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Green Light for Hedge-Fund Ads Means Caution on Main Street

Date: Tuesday, April 17, 2012
Author: Ian Salisbury, The Wall Street Journal

Thanks to a little-noticed provision tucked into the just-signed jobs bill, hedge funds may soon be making a bold move into marketing—and the mainstream.

The JOBS Act, signed by President Obama on April 5, lifted a decades-old restriction on how hedge funds can go after new investors, clearing the way for managers to speak more publicly about their strategies and performance and even to advertise.

As private investment vehicles, hedge funds aren't required to meet the same disclosure requirements and risk restrictions as ordinary mutual funds. In return, they may deal only with experienced, high-net-worth investors, and have long been banned from marketing themselves to the general public.


Lifting those marketing restrictions is potentially a major move, but not everyone thinks it is a great development for average investors.

"As a hedge-fund manager, I'm delighted, but I'm not sure it's in the best interest of the public," says Andrew Lo, professor at MIT and chairman of AlphaSimplex Group, a $2.3 billion investment firm.

The law gives the Securities and Exchange Commission 90 days to revise 80-year-old rules that prohibit advertising and other communications by hedge funds and private-equity firms. The new guidelines will establish exactly how funds can solicit customers. "The staff are still in the process of analyzing the bill's provisions," SEC spokesman John Nester said via email.

The bill—backed by the White House and passed with broad bipartisan support—already has opened a new front in the long-running battle between the investment industry and consumer advocates, who contend the measure wasn't subject to public discussion.

Supporters of the bill "talked about helping companies raise money," says Barbara Roper, director of investor protection for the Consumer Federation of America. "Not one word was said during the debate about the effect on hedge funds—and I followed it pretty obsessively."

The $2 trillion hedge-fund industry still will face restrictions. To qualify, for example, investors still will need to prove they have at least $1 million in investible assets or make more than $200,000 a year. And even some consumer advocates contend the current rules are draconian, preventing fund managers from putting basic information on their websites and even chatting with reporters about strategies or performance for fear the comments get interpreted as solicitation.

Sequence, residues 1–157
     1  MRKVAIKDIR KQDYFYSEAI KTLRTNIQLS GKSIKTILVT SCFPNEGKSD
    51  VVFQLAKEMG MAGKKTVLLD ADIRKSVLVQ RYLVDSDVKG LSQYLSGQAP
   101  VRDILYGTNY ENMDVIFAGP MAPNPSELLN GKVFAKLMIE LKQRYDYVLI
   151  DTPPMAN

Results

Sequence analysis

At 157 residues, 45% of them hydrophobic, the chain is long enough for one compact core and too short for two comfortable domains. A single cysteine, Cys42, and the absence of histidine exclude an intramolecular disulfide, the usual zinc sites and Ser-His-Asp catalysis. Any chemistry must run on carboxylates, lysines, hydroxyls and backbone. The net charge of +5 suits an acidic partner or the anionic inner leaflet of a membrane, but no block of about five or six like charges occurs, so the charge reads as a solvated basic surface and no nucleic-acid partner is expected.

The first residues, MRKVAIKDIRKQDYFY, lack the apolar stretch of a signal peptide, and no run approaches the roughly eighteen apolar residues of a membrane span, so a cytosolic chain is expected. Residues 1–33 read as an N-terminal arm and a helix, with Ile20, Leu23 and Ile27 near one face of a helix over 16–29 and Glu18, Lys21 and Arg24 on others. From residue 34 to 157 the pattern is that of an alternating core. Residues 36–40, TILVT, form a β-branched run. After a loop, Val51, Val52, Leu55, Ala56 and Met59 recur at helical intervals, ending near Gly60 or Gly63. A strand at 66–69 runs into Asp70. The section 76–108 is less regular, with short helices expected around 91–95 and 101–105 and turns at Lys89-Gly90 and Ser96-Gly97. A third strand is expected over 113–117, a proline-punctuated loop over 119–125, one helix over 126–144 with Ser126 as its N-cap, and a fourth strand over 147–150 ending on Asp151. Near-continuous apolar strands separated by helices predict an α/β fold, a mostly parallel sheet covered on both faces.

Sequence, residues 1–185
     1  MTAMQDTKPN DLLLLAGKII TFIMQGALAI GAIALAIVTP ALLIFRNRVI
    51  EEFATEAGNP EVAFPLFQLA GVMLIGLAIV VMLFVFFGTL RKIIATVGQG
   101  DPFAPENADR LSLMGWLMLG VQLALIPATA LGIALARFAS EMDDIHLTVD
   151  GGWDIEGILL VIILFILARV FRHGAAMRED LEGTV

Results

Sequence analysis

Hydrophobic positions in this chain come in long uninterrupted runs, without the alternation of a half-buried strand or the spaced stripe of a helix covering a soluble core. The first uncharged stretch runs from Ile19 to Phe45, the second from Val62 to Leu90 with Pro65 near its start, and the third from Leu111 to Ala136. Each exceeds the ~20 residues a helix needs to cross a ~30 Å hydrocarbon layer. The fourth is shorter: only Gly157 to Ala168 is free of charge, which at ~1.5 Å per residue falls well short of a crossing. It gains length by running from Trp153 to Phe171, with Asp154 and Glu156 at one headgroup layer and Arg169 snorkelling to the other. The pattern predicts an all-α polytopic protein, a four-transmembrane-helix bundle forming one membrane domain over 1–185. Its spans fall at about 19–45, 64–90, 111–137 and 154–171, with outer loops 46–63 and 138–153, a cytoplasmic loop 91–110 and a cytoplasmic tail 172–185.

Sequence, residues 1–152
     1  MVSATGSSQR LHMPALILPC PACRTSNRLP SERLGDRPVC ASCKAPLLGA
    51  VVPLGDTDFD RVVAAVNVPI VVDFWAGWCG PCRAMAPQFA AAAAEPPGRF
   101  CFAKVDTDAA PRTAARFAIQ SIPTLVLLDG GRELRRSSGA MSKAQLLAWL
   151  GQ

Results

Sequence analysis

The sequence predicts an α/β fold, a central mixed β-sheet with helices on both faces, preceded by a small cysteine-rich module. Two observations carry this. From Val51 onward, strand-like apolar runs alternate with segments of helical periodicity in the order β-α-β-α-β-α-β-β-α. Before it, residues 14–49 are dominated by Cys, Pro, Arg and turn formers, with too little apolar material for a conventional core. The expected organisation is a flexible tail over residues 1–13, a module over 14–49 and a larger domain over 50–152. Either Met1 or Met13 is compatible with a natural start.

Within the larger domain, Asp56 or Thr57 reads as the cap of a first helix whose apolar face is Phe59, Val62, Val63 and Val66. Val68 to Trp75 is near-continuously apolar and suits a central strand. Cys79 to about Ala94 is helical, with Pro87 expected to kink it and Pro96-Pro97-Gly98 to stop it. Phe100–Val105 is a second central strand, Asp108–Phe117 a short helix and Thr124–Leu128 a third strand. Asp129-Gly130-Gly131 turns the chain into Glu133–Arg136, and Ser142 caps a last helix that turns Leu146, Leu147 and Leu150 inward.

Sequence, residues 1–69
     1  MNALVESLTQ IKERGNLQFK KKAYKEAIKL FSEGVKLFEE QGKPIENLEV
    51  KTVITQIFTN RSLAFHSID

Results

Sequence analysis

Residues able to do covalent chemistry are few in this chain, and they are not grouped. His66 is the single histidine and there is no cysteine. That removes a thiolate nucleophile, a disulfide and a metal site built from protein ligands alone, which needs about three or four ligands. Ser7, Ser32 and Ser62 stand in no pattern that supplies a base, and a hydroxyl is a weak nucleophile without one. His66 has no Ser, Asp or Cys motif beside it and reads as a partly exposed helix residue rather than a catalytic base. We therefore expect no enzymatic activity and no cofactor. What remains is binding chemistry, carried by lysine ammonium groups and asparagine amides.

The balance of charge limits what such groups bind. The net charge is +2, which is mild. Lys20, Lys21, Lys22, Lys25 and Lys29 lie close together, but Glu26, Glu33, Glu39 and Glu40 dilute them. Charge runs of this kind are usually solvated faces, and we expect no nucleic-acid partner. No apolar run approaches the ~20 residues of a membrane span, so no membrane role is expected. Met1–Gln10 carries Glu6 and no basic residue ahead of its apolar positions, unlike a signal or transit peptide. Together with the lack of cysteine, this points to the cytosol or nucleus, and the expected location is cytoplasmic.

"People are spending a tremendous amount of time worrying, 'Can I email this document to this person?'" says Judith Gross, a hedge-fund-compliance consultant.

While hedge funds rose rapidly in the past two decades, their ability to attract new investment dollars stalled during the financial crisis and has been slow to recover. High fees and mediocre performance have kept some large investors like pensions and endowments away.

Meanwhile, the $24 trillion mutual-fund industry has been introducing products designed to mimic hedge-fund investing tactics, while big brokerages often boast of their ability to secure access to hedge funds for clients. The new law gives hedge funds the ability to compete directly for these investors.

But many worry that by marketing to the general public, hedge funds will lure people into investments that are too risky for them. Some critics also say that Washington should be getting tougher on investment advertising, not easing back.

Wake Forest School of Law Professor Ahmed Taha argues much mutual-fund advertising already exploits the tendency of investors to rely heavily on past results and other factors that may not be the best indicators of where they should put their money. The new law "adds a whole new set of funds that are going to do the exact same thing," he says.